While there has been evidence galore that alcohol in moderation may be good for your heart (see this, this and this for a few examples), a new study has raised a serious counterpoint. The study from the Feb. 24 online Journal of the National Cancer Institute found that women who drank even small amounts of alcohol were at higher risk of cancer than those who drank nothing.
To wit, for every extra drink per day, the increase in incidence per 1000 women was 11 for breast cancer, 1 for cancers of the oral cavity and pharynx, 1 for cancer of the rectum, and 0.7 each for cancers of the esophagus, larynx and liver. That adds up to 15 cancers per 1000 women, the journal said. Put another way, the authors estimated that about 13% of cancers of the breast, aerodigestive tract, liver, and rectum could be attributed to alcohol, an editorial noted.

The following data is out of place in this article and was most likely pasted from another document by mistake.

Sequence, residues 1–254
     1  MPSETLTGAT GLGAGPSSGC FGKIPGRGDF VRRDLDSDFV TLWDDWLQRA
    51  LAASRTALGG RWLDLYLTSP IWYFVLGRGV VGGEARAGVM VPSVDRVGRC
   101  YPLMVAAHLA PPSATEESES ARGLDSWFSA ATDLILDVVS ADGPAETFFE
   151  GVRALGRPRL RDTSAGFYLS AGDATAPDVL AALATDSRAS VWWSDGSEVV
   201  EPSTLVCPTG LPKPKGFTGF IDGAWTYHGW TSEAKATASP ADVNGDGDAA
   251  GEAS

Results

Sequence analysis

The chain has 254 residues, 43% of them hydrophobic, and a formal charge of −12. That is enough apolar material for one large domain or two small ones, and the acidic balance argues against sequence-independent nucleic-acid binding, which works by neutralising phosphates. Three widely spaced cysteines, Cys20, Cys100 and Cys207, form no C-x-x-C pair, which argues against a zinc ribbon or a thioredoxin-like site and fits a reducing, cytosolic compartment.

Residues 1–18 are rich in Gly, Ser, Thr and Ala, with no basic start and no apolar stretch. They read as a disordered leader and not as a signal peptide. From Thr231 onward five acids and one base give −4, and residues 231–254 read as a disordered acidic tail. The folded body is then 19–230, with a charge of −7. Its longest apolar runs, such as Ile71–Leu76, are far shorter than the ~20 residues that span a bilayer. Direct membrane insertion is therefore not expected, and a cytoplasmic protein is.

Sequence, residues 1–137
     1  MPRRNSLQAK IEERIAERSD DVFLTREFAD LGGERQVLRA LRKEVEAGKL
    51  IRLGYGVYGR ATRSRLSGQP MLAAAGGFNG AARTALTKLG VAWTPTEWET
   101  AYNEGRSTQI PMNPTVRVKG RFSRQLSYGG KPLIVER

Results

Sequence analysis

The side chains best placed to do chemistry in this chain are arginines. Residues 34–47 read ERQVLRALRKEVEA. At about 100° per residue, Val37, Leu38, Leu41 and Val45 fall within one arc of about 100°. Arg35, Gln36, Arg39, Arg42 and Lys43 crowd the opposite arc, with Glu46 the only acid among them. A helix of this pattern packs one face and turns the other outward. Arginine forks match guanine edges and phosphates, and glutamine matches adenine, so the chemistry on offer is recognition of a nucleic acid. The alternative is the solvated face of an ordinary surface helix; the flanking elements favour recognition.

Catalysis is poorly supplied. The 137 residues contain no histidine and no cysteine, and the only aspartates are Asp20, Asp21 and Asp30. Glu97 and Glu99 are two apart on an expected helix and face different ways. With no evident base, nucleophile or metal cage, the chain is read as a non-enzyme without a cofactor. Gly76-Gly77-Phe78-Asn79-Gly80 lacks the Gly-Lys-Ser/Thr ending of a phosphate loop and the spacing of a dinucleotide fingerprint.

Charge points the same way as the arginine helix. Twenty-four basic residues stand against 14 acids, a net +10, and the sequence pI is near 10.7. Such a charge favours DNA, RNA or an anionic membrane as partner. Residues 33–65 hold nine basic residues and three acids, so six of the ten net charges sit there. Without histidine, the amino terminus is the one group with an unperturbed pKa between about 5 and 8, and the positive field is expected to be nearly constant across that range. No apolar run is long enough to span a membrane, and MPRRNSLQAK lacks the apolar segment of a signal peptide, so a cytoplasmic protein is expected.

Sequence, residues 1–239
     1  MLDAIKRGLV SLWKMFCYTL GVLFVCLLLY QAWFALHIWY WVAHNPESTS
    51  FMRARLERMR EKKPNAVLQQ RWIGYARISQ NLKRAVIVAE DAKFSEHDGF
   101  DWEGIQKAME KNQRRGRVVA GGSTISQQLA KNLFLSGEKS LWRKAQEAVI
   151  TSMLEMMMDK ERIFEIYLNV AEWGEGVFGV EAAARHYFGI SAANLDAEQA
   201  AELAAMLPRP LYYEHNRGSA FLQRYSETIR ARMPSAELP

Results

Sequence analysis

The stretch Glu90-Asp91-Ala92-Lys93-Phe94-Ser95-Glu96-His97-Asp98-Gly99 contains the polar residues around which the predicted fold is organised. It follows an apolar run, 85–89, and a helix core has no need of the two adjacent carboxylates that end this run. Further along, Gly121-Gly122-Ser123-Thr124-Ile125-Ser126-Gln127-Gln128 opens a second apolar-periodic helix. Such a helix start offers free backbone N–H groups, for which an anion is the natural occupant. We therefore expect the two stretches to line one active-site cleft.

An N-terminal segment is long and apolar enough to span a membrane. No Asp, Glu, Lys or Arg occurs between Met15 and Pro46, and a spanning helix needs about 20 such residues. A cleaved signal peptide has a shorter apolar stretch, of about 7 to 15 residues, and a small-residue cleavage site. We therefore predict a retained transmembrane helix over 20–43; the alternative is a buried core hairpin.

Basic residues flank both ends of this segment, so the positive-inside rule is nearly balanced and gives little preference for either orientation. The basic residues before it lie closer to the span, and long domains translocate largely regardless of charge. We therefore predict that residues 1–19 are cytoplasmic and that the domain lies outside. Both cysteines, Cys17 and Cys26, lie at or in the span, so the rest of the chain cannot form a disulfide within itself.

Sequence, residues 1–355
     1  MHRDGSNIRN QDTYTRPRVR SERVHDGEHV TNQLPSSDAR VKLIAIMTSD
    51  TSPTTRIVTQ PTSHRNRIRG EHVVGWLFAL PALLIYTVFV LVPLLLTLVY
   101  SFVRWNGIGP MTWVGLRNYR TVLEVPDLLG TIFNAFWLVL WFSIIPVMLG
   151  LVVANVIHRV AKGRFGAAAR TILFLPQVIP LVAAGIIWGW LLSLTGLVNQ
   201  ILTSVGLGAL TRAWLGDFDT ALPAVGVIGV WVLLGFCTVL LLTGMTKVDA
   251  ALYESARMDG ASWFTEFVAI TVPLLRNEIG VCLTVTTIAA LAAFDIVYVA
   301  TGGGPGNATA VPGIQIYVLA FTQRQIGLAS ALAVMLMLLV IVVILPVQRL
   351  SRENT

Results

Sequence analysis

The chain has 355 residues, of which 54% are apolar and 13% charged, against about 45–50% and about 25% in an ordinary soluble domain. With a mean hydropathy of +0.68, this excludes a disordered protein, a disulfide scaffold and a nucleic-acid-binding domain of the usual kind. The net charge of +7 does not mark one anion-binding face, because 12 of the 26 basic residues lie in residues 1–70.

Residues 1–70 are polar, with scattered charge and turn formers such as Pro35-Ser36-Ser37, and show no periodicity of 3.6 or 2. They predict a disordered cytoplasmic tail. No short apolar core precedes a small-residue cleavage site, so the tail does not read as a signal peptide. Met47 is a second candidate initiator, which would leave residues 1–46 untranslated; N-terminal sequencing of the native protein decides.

The editorial goes on to say: "From a standpoint of cancer risk, the message of this report could not be clearer. There is no level of alcohol consumption that can be considered safe."
Has it come to this: Hesitating at the wine or beer aisle, as you contemplate whether you'd rather have cancer or heart disease? That's being melodramatic, of course, but what should a PCP tell a patient who asks whether she should be drinking a glass of wine a day "for her heart"?